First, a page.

Moreover, it is fashionable to claim that in acting, our key concern should be focused on the consequences of our act. Will it benefit society? Once again, the ambiguity is obvious: benefit in what sense? Morally? Humanly? Financially? Should we be concerned about “immediate’ benefits, or those in the long run? If our key moral concern should be the consequences of our action, it would be impossible for man ever to make any valid decision because he can never foretell what “fruits” his action will bring.
Let us imagine the following scenario; a hundred years ago, a man saved a teenager who has fallen in a river, and was close to drowning. Had he known (an impossibility) that the youngster was Adolf Hitler, should he have refused his help? The “call” of the hour was to save a human life. The future is in God’s hands.
(Column continues below)
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Ethics is the most “existential” branch of philosophy. It plays a key role in our daily life. There is one thing that all men can and should share: the “natural” law (not confusing it with the laws of nature such as gravity, which applies to all creatures). I am referring to a law inscribed in every human heart the validity of which is independent of time, place, and circumstances. Moral evil injects poison in the society in which we live, because our acts have direct or indirect consequences on others. To take the life of an innocent defenseless person , is a crime that cries to heaven. Anyone who denies this luminous ethical truth suffers from a terrible sickness: moral blindness. Whereas a blind man knows he is blind, many are those who are morally blind – a much graver “disease” – and are totally unaware of it. They do not even question the validity of their moral vision.
Moral evil is the cancer of any society and history teaches us that all great nations that have disappeared from the face of the earth, were morally decadent. Money never has and never will save a nation.
My husband gave hundred of talks in seventeen countries in four languages. A couple of years before his death, he delivered his very last talk in Orange, California. It was after Roe and Wade (which made him exclaim that “The 'defeated' Hitler won the war” for the Nazi poison (ruthless disrespect for the dignity of human life) had penetrated into the soul of the “conqueror.” This justifies the words of Plato: “… many a victory has been and will be suicidal to the victor …” (Laws, 19)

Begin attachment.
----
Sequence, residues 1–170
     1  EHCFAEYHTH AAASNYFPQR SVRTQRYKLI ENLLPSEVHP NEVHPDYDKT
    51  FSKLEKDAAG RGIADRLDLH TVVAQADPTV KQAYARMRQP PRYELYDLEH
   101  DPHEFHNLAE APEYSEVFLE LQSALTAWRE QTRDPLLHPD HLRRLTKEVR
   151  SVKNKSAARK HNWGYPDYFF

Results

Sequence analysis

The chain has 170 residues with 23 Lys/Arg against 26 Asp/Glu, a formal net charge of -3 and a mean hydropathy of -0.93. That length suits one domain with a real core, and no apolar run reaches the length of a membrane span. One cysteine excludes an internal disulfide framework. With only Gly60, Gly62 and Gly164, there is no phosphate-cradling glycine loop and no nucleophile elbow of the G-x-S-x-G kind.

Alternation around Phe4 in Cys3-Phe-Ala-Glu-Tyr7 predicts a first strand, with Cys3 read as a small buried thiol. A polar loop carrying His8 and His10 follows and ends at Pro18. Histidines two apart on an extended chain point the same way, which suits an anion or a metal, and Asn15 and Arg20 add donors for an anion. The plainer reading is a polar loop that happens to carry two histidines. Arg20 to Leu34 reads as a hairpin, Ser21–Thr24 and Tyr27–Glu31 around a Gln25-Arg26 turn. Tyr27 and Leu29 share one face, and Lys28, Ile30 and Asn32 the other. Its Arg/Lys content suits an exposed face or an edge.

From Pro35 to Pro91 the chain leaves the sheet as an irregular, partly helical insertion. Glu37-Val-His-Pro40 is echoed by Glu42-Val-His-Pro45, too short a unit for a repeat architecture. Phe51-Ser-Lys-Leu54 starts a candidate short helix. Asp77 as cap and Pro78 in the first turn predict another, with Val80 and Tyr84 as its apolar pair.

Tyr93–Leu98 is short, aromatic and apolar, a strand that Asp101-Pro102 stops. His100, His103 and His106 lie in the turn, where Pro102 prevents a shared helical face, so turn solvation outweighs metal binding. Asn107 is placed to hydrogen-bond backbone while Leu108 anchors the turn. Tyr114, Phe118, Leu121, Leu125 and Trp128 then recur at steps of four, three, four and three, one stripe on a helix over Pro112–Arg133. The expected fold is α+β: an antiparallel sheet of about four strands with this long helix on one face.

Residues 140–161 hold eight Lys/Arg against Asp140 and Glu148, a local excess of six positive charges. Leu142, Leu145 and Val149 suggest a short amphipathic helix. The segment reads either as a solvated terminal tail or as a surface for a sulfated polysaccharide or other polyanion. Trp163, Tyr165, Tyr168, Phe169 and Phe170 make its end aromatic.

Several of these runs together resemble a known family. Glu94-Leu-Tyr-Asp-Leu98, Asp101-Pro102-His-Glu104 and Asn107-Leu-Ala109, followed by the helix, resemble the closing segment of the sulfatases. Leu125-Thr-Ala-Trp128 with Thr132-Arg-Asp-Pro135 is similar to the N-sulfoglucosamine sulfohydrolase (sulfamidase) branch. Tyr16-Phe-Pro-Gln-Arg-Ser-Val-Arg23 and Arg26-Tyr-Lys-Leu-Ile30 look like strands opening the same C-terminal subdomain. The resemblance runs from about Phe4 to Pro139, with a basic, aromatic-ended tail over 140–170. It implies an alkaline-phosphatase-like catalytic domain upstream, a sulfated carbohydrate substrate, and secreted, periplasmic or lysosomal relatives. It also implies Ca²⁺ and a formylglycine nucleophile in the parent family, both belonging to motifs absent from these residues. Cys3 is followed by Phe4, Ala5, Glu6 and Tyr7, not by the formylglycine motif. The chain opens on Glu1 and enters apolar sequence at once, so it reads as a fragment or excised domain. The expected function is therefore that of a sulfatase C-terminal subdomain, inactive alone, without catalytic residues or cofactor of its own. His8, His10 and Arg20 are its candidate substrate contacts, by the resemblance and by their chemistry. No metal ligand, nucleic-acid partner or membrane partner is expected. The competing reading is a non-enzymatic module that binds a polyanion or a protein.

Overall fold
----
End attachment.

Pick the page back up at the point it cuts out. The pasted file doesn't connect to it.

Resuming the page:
Dietrich von Hildebrand’s very last words uttered with a trembling voice were, “A country that legalizes murder is doomed.” That should give us food for thought. To vote for a President who fully endorses abortion, is to vote for death.
Man’s second duty is to do as much good as possible. Modern man is psychologically tempted to give priority to "good and noble causes" over our strict duty to abstain from moral evil. The reason is obvious: by not committing murder, we are just doing our "duty" (see Luke 17:10). We do not deserve praise. How ludicrous it would be if a man “bragged” that he has not murdered his parents. How grotesque would it be to give an award to someone because he has never raped a woman or a child. Who deserves praise for doing what he ought to do? Whereas our concern about the wide range of "social issues" strikes us as noble and generous deeds that deserve to be commended and honored. It makes us “feel good” about ourselves.
Indeed, it is our strict moral duty to care about our neighbor's needs, but this concern can never justify our breaking a moral law with an absolute veto. There is no conceivable moral justification for endorsing Obama’s position.